“As soon as you start measuring this person by person, or team by team, you can really start to go and have a discussion with these people because you can really identify who is biased.”

The technology path forward

With AI and machine learning becoming common topics of conversation within the industry and without, the pace of change in demand forecasting may well be about to accelerate.

While traditional statistical models yield incremental improvements year over year, machine learning has advanced rapidly, with Vandeput noting that, year on year, machine learning is faster, becoming easier to use and generating more accurate outputs.

For retailers that are sitting on huge volumes of existing historic supply and demand data, this is a huge opportunity. “If you’re a business with a large amount of data, there is no doubt that if you access the right machine learning capabilities, you can reduce your forecast error by 20% or 25%,” says Vandeput.

  • Reducing forecast errors: By widening the array of inputs, machine learning models can lower forecast shortfalls or overshoots versus traditional statistical methods by analysing more complex demand patterns.
  • Progressive improvement: Compared with human review, machine learning models can learn from their own success – as they are designed to do – to improve year-over-year performance as the technology advances, as well as the growth in data and research compared to modest gains for legacy tools
  • Wider contingency planning: By processing more demand drivers like pricing, orders, inventory and promotions, machine learning models can produce a range of different scenario plans without requiring significantly more work.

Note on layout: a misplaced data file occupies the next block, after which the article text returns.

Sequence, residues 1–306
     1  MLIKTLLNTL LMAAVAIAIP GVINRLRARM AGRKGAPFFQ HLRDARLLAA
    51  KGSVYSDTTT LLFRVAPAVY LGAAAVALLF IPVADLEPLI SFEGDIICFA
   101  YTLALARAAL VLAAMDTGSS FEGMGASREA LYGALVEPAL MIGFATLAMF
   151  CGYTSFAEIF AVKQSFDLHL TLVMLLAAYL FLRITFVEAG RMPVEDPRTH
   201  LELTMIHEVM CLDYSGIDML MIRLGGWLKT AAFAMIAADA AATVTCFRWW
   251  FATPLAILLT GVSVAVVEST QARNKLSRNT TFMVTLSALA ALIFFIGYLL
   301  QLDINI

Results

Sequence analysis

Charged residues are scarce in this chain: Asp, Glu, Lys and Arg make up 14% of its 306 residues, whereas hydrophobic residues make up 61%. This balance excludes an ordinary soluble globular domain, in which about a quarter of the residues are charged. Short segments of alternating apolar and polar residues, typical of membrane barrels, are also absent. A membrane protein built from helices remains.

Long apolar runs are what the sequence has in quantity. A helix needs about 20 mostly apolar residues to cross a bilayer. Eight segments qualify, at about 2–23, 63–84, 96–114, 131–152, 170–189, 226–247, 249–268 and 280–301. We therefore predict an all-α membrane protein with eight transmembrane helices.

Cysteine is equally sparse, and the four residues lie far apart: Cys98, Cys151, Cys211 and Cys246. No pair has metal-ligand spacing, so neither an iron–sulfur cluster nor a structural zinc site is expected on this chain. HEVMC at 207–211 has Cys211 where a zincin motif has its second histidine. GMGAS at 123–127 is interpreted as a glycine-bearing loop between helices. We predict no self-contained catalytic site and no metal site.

• Agile, user-friendly tools: While complex AI tools have previously been the domain of technical experts, conversational-interface tools now put sophisticated capabilities in the hands of all users. 

Winning in a data-led future

With margins, demand and schedules still uncertain for many businesses, accurate demand forecasting and inventory optimisation remains central to supply chain success. 

Zencargo works with leading retailers around the world to provide real-time order and shipment tracking across networks. 

  • With live access to real time data, our platform helps businesses identify trends, plan inventory and meet customer expectations consistently and efficiently. 
  • Our supply chain experts work with customers to design and implement data-led strategies that ensure reliable inventory levels and customer service while preserving working capital. 
  • With current and historic data across networks centralised on our live platform, businesses can track inventory, locate bottlenecks and benchmark partner performance for progressive improvement and optimisation. 

To find out more about how Zencargo’s digital freight forwarding experts and technology can support your demand forecasting and inventory strategy, get in touch today.